Whistleblowers play an important role in modern society, on both a large and small scale. Some of the biggest stories in history – from Watergate and the Pentagon Papers to Frank Serpico and the New York Police Department – came as a result of government and private employees alerting the press and authorities to immoral or illegal practices.
But whistleblowing comes with risks, especially for less high-profile disclosures at private companies. Things that don’t come with the protections of national press coverage. Employees might fear that turning in their boss will backfire on them.
According to the U.S. Department of Labor, adverse actions against whistleblower activity don’t have to be overt, like firing. They can be subtle and difficult to recognize, including things like threats, reassignment, reducing hours, or denying overtime or promotions. They can also include isolating the employee or blacklisting them from the industry.
That’s why state and federal whistleblower laws exist. The Occupational Safety and Health Administration (OSHA) has more than 20 whistleblower protections related to federal law.
Here in Connecticut, there are two major whistleblower laws protecting employees of both public and private entities from retaliation.
The first primarily protects state employees who report practices of state agencies to the Auditors of Public Accounts for investigation. Under the law, “Whistleblowers who believe they have been retaliated against may, among other actions, file a complaint with the chief human rights referee.”
Once a complaint is filed with the auditor’s office, it must be reviewed and findings must be reported to the Attorney General. The AG must then investigate “as he deems proper” and report those findings to the governor.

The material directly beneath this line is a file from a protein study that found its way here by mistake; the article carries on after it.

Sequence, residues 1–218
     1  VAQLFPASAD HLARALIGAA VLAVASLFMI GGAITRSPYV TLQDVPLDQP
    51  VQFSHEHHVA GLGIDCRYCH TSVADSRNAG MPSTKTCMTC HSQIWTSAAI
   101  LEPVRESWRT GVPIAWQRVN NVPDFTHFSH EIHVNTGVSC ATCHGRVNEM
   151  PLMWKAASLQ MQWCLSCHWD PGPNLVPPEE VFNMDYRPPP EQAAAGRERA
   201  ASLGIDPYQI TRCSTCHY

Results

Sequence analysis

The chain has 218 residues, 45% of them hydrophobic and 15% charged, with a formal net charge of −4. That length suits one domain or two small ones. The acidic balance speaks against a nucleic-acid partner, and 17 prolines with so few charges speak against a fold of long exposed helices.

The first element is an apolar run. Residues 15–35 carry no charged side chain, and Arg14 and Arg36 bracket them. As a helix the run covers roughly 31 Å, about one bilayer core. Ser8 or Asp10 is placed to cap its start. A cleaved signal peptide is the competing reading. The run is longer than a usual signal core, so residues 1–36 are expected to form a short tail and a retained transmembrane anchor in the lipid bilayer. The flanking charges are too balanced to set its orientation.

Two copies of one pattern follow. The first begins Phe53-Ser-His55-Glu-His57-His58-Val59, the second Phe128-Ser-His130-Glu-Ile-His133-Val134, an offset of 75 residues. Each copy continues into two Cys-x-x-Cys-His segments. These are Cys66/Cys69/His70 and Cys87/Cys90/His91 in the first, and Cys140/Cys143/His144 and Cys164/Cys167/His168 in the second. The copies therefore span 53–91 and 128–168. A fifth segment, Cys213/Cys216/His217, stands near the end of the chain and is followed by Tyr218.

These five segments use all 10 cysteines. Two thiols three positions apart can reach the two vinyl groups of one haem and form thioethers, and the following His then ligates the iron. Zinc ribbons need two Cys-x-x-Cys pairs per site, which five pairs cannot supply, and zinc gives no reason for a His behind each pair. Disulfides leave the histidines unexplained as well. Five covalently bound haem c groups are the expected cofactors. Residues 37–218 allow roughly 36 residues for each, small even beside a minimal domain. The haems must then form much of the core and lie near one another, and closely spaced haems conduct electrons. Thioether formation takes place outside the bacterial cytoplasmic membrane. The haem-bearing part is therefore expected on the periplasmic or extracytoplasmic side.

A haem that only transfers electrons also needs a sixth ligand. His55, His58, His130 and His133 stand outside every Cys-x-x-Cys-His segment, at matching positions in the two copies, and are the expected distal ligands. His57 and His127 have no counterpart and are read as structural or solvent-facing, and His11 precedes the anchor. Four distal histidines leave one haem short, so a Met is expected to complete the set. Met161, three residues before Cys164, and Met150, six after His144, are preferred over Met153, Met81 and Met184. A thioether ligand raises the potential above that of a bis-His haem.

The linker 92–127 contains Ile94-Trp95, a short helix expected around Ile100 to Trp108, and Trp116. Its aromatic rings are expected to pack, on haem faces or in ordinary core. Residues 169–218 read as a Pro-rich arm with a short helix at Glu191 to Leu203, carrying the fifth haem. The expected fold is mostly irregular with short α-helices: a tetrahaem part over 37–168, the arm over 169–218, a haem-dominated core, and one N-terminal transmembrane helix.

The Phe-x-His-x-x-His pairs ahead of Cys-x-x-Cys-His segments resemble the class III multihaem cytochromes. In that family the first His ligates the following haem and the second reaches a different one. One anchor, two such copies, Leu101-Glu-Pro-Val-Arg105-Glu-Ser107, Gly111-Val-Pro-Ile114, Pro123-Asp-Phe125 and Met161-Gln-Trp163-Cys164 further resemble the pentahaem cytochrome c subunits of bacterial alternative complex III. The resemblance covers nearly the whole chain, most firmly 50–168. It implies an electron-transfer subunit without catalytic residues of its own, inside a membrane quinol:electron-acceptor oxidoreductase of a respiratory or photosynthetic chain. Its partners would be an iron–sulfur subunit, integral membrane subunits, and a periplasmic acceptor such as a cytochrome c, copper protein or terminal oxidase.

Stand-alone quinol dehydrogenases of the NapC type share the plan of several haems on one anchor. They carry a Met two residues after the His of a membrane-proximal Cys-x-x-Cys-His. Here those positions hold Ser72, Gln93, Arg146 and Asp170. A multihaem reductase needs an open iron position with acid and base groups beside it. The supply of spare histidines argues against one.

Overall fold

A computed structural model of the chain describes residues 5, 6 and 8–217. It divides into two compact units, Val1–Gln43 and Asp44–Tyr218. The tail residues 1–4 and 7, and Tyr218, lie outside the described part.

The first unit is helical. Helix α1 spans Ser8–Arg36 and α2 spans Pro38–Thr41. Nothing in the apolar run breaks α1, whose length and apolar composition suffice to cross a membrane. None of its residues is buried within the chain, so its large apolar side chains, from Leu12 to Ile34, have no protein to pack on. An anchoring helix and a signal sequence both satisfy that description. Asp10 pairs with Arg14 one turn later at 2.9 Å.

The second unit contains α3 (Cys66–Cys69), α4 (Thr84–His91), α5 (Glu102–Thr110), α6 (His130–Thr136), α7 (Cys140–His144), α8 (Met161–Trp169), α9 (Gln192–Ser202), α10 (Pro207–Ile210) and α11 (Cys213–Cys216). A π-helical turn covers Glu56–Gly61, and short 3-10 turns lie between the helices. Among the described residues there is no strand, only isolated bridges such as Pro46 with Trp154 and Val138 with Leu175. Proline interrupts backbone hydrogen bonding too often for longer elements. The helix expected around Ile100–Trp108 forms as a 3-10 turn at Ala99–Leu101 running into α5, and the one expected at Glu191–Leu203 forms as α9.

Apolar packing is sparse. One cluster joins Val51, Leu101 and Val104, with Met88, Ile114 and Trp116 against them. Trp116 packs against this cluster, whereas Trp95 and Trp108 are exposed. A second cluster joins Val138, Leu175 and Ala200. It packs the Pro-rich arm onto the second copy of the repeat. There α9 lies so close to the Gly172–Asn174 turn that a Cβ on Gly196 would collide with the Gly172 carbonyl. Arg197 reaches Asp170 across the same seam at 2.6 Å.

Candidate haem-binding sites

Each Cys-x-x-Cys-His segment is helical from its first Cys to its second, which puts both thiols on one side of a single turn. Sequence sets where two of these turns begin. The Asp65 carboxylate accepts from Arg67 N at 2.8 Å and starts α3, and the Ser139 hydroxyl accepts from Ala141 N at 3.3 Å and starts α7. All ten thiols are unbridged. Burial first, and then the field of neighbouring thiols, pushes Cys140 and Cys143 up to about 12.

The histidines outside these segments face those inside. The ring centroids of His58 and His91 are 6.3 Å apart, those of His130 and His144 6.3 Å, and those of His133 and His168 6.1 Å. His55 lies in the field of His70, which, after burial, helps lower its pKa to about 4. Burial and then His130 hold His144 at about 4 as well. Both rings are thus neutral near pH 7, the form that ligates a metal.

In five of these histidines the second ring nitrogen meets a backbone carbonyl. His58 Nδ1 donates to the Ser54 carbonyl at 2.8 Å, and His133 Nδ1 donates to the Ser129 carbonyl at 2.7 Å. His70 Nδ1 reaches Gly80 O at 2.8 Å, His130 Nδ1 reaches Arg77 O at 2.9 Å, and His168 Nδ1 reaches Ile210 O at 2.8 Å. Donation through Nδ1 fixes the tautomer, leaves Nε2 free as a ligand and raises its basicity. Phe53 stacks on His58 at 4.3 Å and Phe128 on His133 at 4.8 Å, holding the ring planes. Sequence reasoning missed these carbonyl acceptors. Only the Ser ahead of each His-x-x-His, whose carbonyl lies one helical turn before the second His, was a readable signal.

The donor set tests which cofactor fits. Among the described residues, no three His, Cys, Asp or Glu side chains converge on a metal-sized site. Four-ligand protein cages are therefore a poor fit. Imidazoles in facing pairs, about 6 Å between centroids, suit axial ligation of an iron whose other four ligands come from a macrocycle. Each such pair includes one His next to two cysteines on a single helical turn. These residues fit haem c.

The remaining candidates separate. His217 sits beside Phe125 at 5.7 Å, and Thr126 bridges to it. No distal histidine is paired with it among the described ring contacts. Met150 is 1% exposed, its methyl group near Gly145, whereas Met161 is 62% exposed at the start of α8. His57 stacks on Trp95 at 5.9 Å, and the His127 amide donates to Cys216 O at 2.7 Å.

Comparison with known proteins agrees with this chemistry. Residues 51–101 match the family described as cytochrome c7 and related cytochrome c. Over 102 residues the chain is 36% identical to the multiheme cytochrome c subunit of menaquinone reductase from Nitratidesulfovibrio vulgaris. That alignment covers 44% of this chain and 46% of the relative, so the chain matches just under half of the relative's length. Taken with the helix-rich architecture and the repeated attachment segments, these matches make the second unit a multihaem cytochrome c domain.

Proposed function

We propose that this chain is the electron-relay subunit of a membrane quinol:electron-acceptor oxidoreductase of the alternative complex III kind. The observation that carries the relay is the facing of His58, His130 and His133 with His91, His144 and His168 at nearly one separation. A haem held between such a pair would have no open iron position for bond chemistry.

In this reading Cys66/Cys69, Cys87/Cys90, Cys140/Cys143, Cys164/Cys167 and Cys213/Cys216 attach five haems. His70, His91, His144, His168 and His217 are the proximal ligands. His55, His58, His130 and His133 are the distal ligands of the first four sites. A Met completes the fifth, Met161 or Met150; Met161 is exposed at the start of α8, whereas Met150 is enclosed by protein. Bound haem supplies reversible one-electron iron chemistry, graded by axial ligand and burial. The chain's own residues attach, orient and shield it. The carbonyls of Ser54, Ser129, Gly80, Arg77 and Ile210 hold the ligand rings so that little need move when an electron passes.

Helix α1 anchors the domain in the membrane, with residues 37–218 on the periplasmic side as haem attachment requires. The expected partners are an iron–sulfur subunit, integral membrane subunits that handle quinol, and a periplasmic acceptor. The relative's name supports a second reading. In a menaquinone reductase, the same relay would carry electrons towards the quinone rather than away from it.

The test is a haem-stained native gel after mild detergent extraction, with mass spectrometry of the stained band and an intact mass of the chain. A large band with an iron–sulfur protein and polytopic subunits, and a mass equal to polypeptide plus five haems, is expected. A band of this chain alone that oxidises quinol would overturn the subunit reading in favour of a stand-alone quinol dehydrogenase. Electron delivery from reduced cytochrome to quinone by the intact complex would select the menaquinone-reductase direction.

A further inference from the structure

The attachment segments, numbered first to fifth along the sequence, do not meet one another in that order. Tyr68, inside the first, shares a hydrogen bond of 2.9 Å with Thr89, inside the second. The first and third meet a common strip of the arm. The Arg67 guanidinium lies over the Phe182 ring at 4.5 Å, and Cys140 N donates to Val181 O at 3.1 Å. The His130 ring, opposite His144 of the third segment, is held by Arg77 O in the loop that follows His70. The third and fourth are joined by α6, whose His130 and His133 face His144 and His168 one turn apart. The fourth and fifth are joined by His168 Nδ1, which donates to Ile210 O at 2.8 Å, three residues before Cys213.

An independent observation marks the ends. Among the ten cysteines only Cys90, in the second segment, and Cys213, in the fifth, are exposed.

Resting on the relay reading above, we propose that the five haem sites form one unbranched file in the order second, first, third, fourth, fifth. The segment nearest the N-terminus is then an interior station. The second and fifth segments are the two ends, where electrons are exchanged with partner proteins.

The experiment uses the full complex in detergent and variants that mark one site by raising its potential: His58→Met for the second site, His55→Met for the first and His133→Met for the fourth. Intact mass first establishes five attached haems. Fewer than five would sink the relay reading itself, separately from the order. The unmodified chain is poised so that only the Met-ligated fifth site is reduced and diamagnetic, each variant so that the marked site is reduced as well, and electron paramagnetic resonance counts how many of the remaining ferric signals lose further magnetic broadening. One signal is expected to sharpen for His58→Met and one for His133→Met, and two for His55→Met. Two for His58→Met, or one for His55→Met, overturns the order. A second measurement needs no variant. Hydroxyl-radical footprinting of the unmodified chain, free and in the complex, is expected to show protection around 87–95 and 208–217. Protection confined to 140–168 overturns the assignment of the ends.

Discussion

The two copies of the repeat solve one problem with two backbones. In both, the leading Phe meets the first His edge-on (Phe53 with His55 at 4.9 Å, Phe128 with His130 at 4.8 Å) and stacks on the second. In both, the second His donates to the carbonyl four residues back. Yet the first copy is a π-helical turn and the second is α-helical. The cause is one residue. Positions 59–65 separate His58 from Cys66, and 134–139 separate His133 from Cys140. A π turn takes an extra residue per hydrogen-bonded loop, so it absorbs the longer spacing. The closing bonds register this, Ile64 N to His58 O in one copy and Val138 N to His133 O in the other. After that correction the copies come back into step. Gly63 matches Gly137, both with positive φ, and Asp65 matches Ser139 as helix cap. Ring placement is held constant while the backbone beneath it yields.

The auditor’s office can reject complaints during the initial review process for a number of reasons but they must submit a report to the AG’s office indicating why it is being rejected.
The second law protects both public and private employees from retaliation if they turn in their employer for illegal activity. It also protects employees who are participating in an investigation into their employer.
There are additional laws in place to extend the rights granted above to other public and private employees. These include extensions for police and corrections officers reporting excessive force, as well as protections for reports of abuse in long-term or elderly care facilities.
The Connecticut Auditors of Public Accounts evaluated 171 complaints during fiscal year 2021, according to the auditors’ annual report to the General Assembly, and handled 48 of them as whistleblower complaints, “covering matters such as alleged misuse of state funds, employee misconduct, personnel issues, and violations of federal or state law.”
The remaining complaints were “often” referred to field auditors for their work within particular agencies.
The auditors also reported they closed 43 whistleblower complaints, including from previous years, during the 2021 fiscal year. 2020 saw the highest number of whistleblower complaints for Connecticut with 64, according to the audit.
According to the Connecticut Office of Legislative Research, “Generally, the law allows anyone who knows of corruption, unethical practices, violations of state laws or regulations, mismanagement, gross waste of funds, abuse of authority, or danger to public safety occurring in any state or quasi-public agency, probate court, or large state contract to report it to the auditors of public accounts.”